The D.C. City Council voted yesterday to halt for 90 days nearly all further conversions of apartments into condominiums and cooperatives.

The moratorium, adopted under an emergency procedure, outraged spokesmen for the real estate industry but elated tenant groups. It extends an existing ban on the conversion of low-rent units to cover all other apartments in the city.

Despite a plea by the Washington Board of Realtors that he veto the bill, Mayor Marion Barry said he would sign it promptly and draft regulations to carry out its terms.

The council's vote was 12 to 1, with council member Betty Ann Kane (D At Large) the lone dissenter. Just two weeks ago, the council turned back a similar measure by one vote.

Willie J. Hardy (D-Ward 7), chairman of the council's housing committee and floor manager of the bill, said the moratotium was needed because the tide of conversions "threatens to squeeze out low and middle-income people . . . who now rent."

Mayor Barry, citing figures from the city's housing department, estimated that the moratorium would halt as many as 116 projects with at least 9.180 uniits for which conversion certificates have been issued but not yet acted upon by developers.

Another 26 conversion projects with 1,910 units can move ahead, he said. Most are concentrated near downtown or west of Rock Creek Park.

The measure permits the mayor to exempt any project in which there has been substantial progress or investment leading toward conversion and those in which tenants have agreed to buy and convert a project themselves.

Under the emergency provision used by the council, the measure will be in effect for 90 days without being subject to a congressional review and veto. It can be renewed.

During the 90 days, the council bill calls for the creation of an 11-member study commission to propose permanent laws that would restrict condominium conversions and preserve rental housing.

Existing law prohibits converting low-rent rental housing. The new emergency bill extends that prohibition to so-called "high-rent" housing.

As defined by the city's rent control law, high-rent projects are those in which rents range from at least $221 a month for an efficiency unit to $408 for a unit with three or more bedrooms.

Leaders of the Emergency Committee to Save Rental Housing, a coalition of tenant groups that pushed for the moratorium were elated. "There are great probabilities for success provided the mayor writes good regulations," said Kathryn Eager, chairman of the group.

Spokesmen for the real estate industry said they were outraged.

Raymond J. Howar, president of the Washington Board of Realtors, called the bill "a breach of faith and trust" with the real estate industry, and predicted it would stunt investment in @ashington development.

John T. O'Neill, executive vice president of the Apartment and Office Building Association, said the bill "ignored the issue of why owners are getting out of the rental business [and converting buildings to condominiums]." He said the problem is rent control, which, he said, makes rentals unprofitable.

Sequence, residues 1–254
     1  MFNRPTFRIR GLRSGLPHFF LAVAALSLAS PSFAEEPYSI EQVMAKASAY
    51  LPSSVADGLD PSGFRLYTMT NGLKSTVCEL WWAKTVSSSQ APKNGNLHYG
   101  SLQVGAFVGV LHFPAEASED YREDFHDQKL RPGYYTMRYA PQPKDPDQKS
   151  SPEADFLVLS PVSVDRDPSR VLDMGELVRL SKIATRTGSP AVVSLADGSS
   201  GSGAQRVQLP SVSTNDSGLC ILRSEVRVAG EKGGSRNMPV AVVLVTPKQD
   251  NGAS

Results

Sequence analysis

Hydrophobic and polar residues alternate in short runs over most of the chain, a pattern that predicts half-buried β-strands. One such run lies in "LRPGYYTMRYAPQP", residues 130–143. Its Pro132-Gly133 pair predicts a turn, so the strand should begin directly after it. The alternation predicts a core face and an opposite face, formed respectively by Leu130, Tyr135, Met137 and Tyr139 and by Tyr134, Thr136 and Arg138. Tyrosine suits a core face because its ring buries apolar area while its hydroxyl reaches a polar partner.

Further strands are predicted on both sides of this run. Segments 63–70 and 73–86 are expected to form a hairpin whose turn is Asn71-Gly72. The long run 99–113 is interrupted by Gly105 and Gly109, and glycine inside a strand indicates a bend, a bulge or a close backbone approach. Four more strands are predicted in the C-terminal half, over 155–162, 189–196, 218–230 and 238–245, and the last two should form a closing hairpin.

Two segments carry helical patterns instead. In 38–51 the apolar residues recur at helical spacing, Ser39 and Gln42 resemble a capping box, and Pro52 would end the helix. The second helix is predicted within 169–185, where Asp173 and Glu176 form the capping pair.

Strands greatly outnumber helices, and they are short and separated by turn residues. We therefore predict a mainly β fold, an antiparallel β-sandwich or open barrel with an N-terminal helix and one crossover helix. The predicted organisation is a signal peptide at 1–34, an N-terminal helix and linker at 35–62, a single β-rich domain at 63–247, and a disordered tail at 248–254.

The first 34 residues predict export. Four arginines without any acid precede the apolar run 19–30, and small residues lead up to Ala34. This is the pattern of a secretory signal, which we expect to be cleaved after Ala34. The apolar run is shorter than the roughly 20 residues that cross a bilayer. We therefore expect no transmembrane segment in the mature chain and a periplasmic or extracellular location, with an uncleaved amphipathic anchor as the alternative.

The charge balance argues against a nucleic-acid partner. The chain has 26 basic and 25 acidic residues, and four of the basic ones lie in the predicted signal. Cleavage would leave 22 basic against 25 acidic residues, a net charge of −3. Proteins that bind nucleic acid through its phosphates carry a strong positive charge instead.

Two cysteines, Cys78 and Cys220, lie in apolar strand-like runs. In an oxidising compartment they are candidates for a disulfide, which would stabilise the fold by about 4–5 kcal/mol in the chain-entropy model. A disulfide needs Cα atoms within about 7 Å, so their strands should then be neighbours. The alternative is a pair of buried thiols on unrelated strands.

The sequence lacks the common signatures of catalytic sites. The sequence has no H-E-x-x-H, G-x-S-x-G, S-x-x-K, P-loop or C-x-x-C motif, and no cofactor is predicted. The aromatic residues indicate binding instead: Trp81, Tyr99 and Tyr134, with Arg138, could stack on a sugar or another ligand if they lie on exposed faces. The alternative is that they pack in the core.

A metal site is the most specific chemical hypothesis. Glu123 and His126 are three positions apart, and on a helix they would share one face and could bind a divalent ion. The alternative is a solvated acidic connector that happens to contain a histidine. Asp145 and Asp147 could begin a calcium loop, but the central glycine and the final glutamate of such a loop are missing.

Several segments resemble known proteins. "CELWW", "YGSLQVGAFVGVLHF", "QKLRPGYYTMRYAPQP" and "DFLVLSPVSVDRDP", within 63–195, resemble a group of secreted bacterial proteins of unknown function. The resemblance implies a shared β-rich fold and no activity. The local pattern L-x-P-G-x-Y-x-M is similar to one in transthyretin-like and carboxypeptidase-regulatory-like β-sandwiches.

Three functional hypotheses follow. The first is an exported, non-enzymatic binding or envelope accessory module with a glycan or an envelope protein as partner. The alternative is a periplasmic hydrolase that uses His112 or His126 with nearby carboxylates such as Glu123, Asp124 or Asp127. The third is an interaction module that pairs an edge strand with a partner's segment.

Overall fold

A consumer-oriented real estate lawyer, Benny L. Kass, said the measure may have the undesirable effect of blocking or delaying some tenant-sponsored conversions the bill purports to protect.

Under the bill's terms, he said, the mayor cannot exempt tenant groups from the moratorium until the detailed regulations are prepared. He said one 166-unit conversion on Connecticut Avenue, ready for immediate settlement and financing, apparently will be stalled by the bill.

City housing director Robert L. Moore said the bill will be difficult to administer, and said he may have to ask for extra staff to expand his three-person condominium office.

Yesterday's debate was tranquil, in contrast to the noisy session on May 8 at which the council voted 6 to 5 against considering the earlier condominium proposal. Word was passed before a noon recess that supporters of the bill had more than enough votes to assure passage, and that made the debate anticlimactic.Just before the recess, the council was handed a new proposal by Mayor Barry calling for a 90-day moratorium on the issurance of new condominium conversion certificates. He said this would be followed by new rules under which certificates would expire in six months if not used by developers.

The council ignored the mayor's proposal, and moved on its own version. That bill was drafted in recent days chiefly by John L. Ray (D-AtLarge), John A. Wilson (D-Ward 2), David A. Clarke (D-Ward 1) and Polly Shackleton (D-Wad 3).

"Everybody wanted to solve this problem and get it off our backs," Shackleton said after the vote. She said tenants and landlords alike were near panic from indecision over the moratorium, and she was getting numerous calls as late as midnight. Kane, the only council member to oppose the measure, said she was not necessarily against stronger condominium regulations. She said she objected to the fact that neither public hearings nor detailed legal analysis had preceded passage of the bill.

Kane said the legislation is vague, and depends too much on the mayor's future interpretations.

Voting against it, she said, was "a hard thing to do, but I felt there had to be one voice there."

Yesterday's action by the D.C. Council followed a vote Monday by the Montgomery County Council rejecting a 90-day condominium conversion moratotium there.

Conversion in the District has been a growing legal and emotional issue as increasing numbers of buildings have been sold by longtime investors to firms specializing in condominium development.